Saturday, August 4, 2012

Almost Famous Is Almost Decent . . . Almost, But Not Quite

The Good: Moments of humor, Moments of decent directing, One or two characters
The Bad: Overall pacing, General mood, Pointless characters, Most of the movie
The Basics: When William Miller is offered the opportunity of a lifetime to write for Rolling Stone, he takes it and embarks on a pointless cross-country trip with the group Stillwater.

Every now and then, there is a film that has a pretty tremendous cast, but the movie fails to utilize the actors in such a way as to produce a great movie. In such circumstances, I usually blame the director and/or the writer. In the case of Almost Famous, which stars such usually impressive talents as Jason Lee, Frances McDormand, Anna Paquin, Faruza Balk, and Phillip Seymour Hoffman, the blame for the "eh" feeling I left the movie with would have to go to writer/director Cameron Crowe.

Almost Famous follows 15 year-old William Miller, boy genius, on the road with the band Stillwater, as the youth attempts to get an interview with the band for Rolling Stone. Alas, William's many attempts to complete the assignment are foiled by the guitarist of Stillwater, Russell Hammond, who - despite being the most sympathetic and trusting of William - fails to grant the boy an actual interview. What follows, then, is William witlessly accompanying the band around the country as it slowly gains in popularity and William becomes more and more drawn to Russell's groupie in all but name, Penny Lane.

First, what goes right? You know how when The Blair Witch Project (reviewed here!) came out, there were loads of people who believed (snicker, snicker) that the movie was an actual documentary? You know, the people who believed the story in the movie actually was a found video showing three people getting lost and disappearing in the woods? Well, Almost Famous does something very right and that is creating the mystique of Stillwater. Heck, even the name sounds like a real '70s band! But the two most visible members of the band, Jason Lee (as Jeff Bebe) and Billy Crudup (as Russell) act like rock stars in the movie with such fluidity that when the band name Stillwater is dropped alongside such recognizable names as Black Sabbath, David Bowie and Led Zeppelin, it's easy for the viewer to eat it up.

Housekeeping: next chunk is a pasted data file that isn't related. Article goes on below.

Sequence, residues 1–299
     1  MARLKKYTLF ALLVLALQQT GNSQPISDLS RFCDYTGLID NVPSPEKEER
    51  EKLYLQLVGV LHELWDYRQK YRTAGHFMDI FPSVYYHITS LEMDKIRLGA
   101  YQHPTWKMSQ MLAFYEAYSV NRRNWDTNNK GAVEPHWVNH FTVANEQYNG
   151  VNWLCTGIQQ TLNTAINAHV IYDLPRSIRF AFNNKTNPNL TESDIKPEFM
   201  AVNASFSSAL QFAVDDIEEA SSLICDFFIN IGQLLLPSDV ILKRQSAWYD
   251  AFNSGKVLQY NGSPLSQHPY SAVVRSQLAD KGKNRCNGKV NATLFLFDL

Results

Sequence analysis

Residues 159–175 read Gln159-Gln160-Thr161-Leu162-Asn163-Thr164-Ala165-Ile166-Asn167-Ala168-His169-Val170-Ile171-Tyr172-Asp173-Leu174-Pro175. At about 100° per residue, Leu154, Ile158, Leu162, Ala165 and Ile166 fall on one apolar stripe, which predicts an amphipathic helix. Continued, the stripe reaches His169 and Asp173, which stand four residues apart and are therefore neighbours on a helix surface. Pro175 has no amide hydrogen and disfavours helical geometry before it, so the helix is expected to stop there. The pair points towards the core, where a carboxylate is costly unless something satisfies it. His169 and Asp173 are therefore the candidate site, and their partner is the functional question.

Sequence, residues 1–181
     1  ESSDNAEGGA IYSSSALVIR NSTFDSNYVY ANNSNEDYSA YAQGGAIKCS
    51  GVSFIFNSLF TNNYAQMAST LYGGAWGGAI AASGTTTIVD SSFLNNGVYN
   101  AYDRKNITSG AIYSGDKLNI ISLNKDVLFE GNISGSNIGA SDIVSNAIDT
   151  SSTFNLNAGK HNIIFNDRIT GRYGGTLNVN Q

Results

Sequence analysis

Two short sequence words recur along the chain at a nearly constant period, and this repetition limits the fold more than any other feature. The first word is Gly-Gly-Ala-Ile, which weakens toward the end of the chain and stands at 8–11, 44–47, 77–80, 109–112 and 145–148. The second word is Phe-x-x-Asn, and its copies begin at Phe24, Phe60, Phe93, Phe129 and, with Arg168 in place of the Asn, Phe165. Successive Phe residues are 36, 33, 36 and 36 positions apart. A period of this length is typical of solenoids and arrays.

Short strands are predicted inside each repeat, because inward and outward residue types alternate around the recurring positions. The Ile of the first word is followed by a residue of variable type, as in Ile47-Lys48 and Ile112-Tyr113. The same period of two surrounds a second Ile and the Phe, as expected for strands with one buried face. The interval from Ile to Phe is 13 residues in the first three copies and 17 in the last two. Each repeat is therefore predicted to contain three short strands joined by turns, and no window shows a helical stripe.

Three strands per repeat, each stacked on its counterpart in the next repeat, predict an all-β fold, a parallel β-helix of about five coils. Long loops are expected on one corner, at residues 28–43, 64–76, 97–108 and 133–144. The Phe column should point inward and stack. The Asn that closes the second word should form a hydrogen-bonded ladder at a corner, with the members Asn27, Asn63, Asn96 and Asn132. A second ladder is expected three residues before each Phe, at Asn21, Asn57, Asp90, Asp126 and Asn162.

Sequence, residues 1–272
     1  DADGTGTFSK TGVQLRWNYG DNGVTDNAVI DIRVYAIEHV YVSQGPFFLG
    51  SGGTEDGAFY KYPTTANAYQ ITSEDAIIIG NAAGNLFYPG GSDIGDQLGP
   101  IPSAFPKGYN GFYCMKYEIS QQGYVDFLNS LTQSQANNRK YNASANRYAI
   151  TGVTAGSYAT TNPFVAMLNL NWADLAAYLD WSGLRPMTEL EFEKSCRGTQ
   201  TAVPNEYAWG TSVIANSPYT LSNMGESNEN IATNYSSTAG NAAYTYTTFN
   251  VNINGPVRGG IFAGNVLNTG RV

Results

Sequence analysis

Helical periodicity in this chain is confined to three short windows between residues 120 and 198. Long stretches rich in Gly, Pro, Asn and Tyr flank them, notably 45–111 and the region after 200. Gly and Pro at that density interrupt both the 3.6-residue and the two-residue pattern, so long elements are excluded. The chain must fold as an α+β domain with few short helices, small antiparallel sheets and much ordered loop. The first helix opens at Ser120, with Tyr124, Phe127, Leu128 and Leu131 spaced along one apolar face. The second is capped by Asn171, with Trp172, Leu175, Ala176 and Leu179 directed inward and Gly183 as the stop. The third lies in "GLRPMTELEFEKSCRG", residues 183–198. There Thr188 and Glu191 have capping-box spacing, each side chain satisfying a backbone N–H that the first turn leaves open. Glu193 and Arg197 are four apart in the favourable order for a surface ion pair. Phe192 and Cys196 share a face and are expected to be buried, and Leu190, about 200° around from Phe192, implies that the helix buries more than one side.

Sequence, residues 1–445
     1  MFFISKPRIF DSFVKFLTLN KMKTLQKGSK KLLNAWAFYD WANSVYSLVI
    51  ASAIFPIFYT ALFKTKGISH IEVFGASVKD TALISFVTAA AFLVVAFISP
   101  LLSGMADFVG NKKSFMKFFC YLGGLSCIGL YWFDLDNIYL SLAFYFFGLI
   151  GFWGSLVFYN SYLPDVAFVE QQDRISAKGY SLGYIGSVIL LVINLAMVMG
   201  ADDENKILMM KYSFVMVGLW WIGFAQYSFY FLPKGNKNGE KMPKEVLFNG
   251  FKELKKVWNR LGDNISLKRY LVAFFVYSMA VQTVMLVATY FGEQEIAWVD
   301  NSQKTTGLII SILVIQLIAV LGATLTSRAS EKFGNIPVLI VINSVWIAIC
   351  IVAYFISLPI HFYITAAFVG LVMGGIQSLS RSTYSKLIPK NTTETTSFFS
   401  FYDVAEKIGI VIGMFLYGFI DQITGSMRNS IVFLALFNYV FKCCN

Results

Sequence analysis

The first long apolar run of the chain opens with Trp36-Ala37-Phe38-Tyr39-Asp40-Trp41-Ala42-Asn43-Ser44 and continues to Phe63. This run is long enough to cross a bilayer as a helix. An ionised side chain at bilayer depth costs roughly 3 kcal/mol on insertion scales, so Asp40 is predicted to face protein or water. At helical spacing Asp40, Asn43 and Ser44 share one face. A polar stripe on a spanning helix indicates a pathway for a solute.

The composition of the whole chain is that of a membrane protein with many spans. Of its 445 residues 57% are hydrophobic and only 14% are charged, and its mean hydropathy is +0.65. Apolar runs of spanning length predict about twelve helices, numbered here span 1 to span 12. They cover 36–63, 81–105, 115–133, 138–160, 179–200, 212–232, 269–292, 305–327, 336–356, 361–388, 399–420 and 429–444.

But no, there is no band Stillwater. Or there was not a band named Stillwater in the '70s that was opening for Black Sabbath. And, for the record, we seriously doubt there is a Blair Witch.

So, the performances of Jason Lee and Billy Crudup are notable not because they seem to be acting like Generic Rock Stars on their way up, but rather they have the impression of being very real, very specific individuals which is a credit both to their performances and to the writing of their characters. I'm crediting their performances slightly higher because outside of the two of them, the only character that truly pops is Elaine Miller, William's mother. She is portrayed as humorless, intelligent, and protective by Frances McDormand, who rises easily and effectively to the challenge.